If Mills fires Fizdale, the next question is if he and Perry will keep their jobs beyond this season. In a conversation with Mills and other front office members after the Mills/Perry press conference, Dolan gave off the impression that Mills and Perry would be safe if the team showed progress, as SNY reported. Just how Dolan defines progress is unclear. But if Fizdale is fired, it seems as if the Knicks would have to play much better under the interim coach for Mills and Perry to keep their jobs and have a chance to hire another coach in the offseason.
According to sources, the club would need to suffer a severe slide for anything to happen to Fizdale in the near future with the won-loss record not the key barometer. Progress, competitiveness and player development are paramount.
The Knicks had to really sink south for a coaching change to be made by Game 20. Indications are it was far-fetched for a change to be made this early anyway. Was owner James Dolan, who has given Fizdale private reassurances, really going to let president Mills hire a new coach from the outside on a long-term deal with Fizdale still having at least one season fully guaranteed on his pact for 2020-21? Sources indicated the major deterrent to making a change at Thanksgiving was the sketchy alternative of promoting one of the assistants – Jud Buechler, Keith Smart or Kaleb Canales.
How does David Fizdale tune out the speculation about his job status? The Knicks coach revealed Tuesday that he has the backing of the one fan who matters most: Knicks owner James Dolan. “Every game, every game. Jim Dolan comes in and gives me a vote of confidence, a pat on my back and really has just been incredibly encouraging over the last year and a half or whatever it’s been,” Fizdale said. “All we talk about is just sticking to the process of making these guys better and building for a future of sustainable winning.”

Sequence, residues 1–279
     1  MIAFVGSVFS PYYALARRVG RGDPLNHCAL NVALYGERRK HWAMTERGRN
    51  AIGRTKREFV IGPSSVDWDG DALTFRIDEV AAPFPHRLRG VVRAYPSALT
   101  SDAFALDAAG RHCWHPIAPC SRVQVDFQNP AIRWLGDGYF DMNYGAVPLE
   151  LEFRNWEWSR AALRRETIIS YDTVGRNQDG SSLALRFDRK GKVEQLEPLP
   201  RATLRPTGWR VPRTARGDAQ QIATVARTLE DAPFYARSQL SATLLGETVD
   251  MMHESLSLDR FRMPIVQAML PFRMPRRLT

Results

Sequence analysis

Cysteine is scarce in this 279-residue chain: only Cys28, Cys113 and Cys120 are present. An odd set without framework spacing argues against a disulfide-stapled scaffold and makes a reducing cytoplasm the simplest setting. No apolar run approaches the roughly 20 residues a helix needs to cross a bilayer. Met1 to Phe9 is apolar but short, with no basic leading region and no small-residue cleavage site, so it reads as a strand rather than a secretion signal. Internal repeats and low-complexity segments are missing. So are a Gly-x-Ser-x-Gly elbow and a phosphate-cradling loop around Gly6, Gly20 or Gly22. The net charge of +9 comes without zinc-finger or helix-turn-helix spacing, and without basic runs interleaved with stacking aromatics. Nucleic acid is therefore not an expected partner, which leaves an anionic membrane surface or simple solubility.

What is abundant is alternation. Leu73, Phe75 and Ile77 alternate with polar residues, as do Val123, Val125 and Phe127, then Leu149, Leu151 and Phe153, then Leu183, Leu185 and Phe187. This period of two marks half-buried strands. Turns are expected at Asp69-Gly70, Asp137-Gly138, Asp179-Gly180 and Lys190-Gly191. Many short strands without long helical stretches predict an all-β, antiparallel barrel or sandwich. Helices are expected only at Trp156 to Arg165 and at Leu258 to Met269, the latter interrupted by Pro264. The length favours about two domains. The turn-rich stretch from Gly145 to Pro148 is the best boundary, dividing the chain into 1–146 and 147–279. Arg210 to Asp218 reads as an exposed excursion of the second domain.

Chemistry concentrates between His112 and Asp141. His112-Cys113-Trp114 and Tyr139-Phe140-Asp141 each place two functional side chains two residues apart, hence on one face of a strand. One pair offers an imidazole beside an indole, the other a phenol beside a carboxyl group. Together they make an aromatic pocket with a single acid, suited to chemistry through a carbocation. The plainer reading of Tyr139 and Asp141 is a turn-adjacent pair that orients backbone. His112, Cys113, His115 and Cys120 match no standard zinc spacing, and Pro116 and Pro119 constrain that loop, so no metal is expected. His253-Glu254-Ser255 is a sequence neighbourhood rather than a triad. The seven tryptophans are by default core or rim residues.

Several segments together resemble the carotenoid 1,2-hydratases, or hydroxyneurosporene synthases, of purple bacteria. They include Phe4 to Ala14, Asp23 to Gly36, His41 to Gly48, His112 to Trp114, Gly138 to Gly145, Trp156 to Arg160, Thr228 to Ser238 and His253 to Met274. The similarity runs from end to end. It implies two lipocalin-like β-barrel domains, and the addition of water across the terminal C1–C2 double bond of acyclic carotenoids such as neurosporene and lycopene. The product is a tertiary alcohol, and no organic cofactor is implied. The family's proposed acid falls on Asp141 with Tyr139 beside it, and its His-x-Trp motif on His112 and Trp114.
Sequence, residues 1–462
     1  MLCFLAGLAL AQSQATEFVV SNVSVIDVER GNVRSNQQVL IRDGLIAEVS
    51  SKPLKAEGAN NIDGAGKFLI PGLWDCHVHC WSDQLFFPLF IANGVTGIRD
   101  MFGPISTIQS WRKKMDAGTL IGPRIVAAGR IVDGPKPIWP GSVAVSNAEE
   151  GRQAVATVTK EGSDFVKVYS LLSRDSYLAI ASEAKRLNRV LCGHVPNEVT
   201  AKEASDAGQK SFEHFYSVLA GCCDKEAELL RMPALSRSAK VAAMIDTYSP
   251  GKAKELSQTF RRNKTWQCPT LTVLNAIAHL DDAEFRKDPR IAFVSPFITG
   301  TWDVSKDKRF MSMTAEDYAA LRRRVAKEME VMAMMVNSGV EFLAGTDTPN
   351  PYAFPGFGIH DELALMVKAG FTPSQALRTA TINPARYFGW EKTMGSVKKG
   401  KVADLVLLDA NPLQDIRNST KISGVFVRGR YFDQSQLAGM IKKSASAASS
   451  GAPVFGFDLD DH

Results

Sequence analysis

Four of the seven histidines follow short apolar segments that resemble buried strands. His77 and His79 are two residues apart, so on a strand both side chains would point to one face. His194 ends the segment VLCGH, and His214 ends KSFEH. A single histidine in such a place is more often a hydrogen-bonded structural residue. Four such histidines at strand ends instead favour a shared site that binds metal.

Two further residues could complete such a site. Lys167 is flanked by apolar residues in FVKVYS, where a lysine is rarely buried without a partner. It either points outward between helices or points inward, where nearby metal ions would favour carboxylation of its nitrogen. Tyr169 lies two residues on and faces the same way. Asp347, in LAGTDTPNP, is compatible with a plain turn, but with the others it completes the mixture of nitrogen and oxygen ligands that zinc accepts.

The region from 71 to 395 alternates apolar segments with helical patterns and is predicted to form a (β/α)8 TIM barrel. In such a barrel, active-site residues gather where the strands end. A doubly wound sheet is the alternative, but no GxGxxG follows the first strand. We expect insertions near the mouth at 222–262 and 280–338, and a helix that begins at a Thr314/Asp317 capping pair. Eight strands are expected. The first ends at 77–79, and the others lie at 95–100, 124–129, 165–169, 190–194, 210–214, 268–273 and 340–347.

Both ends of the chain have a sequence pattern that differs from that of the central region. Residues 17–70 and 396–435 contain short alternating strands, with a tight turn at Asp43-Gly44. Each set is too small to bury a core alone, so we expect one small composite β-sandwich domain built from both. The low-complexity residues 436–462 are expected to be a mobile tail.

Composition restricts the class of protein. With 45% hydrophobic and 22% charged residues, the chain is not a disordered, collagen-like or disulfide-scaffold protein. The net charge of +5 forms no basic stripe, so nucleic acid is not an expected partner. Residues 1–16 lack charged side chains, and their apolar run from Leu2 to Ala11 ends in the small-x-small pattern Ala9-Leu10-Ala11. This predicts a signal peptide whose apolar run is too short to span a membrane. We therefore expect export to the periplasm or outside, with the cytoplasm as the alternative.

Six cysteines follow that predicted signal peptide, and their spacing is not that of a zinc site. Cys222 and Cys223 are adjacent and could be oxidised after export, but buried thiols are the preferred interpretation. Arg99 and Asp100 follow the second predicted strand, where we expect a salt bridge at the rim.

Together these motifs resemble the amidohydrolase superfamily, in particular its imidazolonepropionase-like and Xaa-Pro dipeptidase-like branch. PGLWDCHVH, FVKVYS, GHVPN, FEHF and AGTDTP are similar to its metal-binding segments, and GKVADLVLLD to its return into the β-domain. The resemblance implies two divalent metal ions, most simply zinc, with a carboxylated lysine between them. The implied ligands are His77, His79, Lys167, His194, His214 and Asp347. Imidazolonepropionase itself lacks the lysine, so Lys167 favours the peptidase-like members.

One step: Mills and general manager Scott Perry addressing the media after Sunday’s loss to the Cavaliers while Fizdale was still in the locker room. Mills and Perry stressed that the team wasn’t meeting expectations, seemingly a veiled shot at the coach. Adrian Wojnarowski on ESPN: The dismissal of David Fizdale is inevitable, and there was, I think, a bond broken between management and their head coach with how they handled things after that loss Sunday night.
Despite their frustrations following the loss at Chicago — one in which they turned the ball over 18 times and were outscored 52-46 in the paint — Knicks players were still adamant in their support of the second-year coach. “We’ve got 9-10 new guys? We’ve got 10 guys that have not played together at all and me who hasn’t even been in the league yet,” said rookie RJ Barrett. “You’re gonna have some challenges, but you’ve got to keep pushing, keep pushing through everything. That’s all I can really say. You’ve just got to stay together. “He’s up to the challenge. We believe in him,” he continued. “We’re staying together, and like we said, we’re all-in with him and are just gonna keep fighting together.”
Fizdale didn’t seem fazed by the speculation during Tuesday’s shootaround, telling reporters, “It’s always a media firestorm in New York, so for everybody else this is a big deal, but for us, it’s a normal environment. So, our guys are focused, they’re connected.”
Despite another defeat, there was a clear attempt to calm roiling waters surrounding Fizdale. Sources indicated Mills and Perry felt their unprecedented James Dolan-inspired press conference Sunday came off as too harsh in the form of pinning the blame on the coach.
Eric Woodyard: Knicks coach David Fizdale says the last couple of days haven’t created any tension. “It’s always a media firestorm in New York, so for everybody else this is a big deal but for us it’s a normal environment,” he said. “So, our guys are focused, they’re connected.” pic.twitter.com/PWToA0wWUF
Several people familiar with the matter told SNY on Monday that Mills, Perry and Fizdale are all under greater scrutiny amid New York’s 2-8 start. “Everyone’s on notice,” one source said. So the notion that Mills, who has served as either president or GM of the Knicks (under Phil Jackson) since 2013-14, would be immune to the consequences that would come of New York continues to underperform is inaccurate.